I returned to my office to pick up my unfinished, dust-covered manuscript on Tennyson. On the way to the faculty parking lot I looked at the girls lolling about the bell tower. I circled in front of one Amazon army of gabbing cell phone users who moved swiftly into the student service center; I sidestepped a clot of four girls enthralled by a tale being told by a fifth that included multiples of, ‘So like, I’m standing behind him, and like, I’m like, ‘Do you have Polly-Sy with Dr. Tillson?’ And he’s like, ‘Who?’ I’m like, Duh.’
And as I walked by the library a group of students congregating on the steps turned around and looked at me. I slowed my pace, expecting some giggles or even outright ridicule. Instead one girl smiled at me and said, “Excuse us for starring at you, but did anyone ever tell you that you look at lot like Henry Miller?”

An annoying rushing noise swept into my right ear. “I’m sorry?” I said. And as I turned slightly so that my left side was closer to her, she repeated what she had said.
I hesitated—almost began to stutter—before answering, “Well, yes, as a matter of fact, I get that all the time.” I walked closer to her. I read the spine of one the paperbacks she was holding: ‘Quiet Days in Clichy.’ I took note of her name tag ID that hung from a yanard.
“I’m majoring in Eng. Lit.,” she offered.
“Are you? Well, I’m happy to know that. Let me introduce myself.”
I walked her to her next class, and on the way, told her I’d be delighted to look at her paper on Henry Miller. Delighted, I repeated, simply delighted.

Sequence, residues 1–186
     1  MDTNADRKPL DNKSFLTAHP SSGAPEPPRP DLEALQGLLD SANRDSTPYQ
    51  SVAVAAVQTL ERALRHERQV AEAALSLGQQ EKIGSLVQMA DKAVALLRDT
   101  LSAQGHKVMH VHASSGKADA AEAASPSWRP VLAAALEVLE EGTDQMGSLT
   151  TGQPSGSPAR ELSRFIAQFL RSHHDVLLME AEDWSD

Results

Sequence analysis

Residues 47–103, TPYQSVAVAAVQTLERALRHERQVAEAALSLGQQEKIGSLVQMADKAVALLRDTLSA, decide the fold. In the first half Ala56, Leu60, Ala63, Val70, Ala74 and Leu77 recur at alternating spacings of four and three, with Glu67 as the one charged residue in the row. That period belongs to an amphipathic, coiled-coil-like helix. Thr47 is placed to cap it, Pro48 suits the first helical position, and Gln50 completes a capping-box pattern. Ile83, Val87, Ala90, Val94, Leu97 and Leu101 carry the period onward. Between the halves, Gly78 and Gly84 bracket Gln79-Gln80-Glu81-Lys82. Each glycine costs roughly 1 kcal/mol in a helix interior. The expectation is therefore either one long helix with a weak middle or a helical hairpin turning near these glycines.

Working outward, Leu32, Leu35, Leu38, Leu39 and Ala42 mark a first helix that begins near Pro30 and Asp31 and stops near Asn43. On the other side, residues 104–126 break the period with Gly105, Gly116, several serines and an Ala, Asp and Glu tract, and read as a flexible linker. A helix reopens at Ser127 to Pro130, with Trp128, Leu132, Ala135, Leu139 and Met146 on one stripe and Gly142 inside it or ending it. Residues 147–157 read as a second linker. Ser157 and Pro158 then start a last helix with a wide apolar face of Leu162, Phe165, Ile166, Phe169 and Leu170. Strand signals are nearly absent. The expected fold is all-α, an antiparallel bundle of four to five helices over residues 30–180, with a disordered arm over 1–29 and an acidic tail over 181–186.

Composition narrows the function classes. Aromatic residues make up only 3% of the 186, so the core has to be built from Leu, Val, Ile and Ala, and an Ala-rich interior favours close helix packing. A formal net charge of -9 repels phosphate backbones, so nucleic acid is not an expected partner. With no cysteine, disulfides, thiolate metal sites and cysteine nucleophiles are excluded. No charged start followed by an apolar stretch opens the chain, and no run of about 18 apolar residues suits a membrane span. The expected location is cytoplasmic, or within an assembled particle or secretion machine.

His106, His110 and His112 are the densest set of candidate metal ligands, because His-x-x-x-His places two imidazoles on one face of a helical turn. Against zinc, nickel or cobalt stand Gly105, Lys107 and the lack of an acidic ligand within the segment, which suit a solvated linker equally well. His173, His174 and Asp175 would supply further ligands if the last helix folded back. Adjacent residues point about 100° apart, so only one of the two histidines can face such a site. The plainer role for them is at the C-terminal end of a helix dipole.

The moment I got home I Googled Henry Miller; (1891-1980), aged 88 when he died. His picture showed a ring of white hair, large ears, and there was a twinkle in his eyes. Another photo showed him playing pool with several bikini-wearing starlets. I looked in the mirror for a few moments. I removed the French sailor’s shirt, and put on a clean white shirt, and as Miller had in the photo, left the collar unbuttoned and combed my gray chest hairs upward. I studied my reflection. I was a man possessed with a new found happiness, a man reborn. I studied the new me for the longest time. “Yes, I do,” I told my reflection. “Yes, I do bear a resemblance to Henry!” I shouted out happily. I knew at once I had been given still another new lease on life. I could be back in the game. I could be doing the dance of romance with . . . what’s her name. “Oh, God, what did she say her name was? Damn these senior moments!”
I dropped the Tennyson pages into my bottom desk drawer and kicked it closed.
Happily, I removed the alphabetical list from my underwear drawer. I ran my finger down the page to the letter T. And there I entered: T=Tinnitus, (right ear, day & night.)
“Who cares?” I told the mirror. “I’m back in the dance,” I shouted. And then I slipped the list of ailments beneath my underwear and with newly found purpose, happily slammed the drawer closed.

End of Guest Post

My great thanks to David Appleby for allowing me to share this wonderful story with my readers.  I enjoyed this story a lot.   It is a very interesting commentary on human vanity.  And it is not really flattering to be told you look like Henry Miller.

I will, I hope, be posting more of his stories soon.

Mel u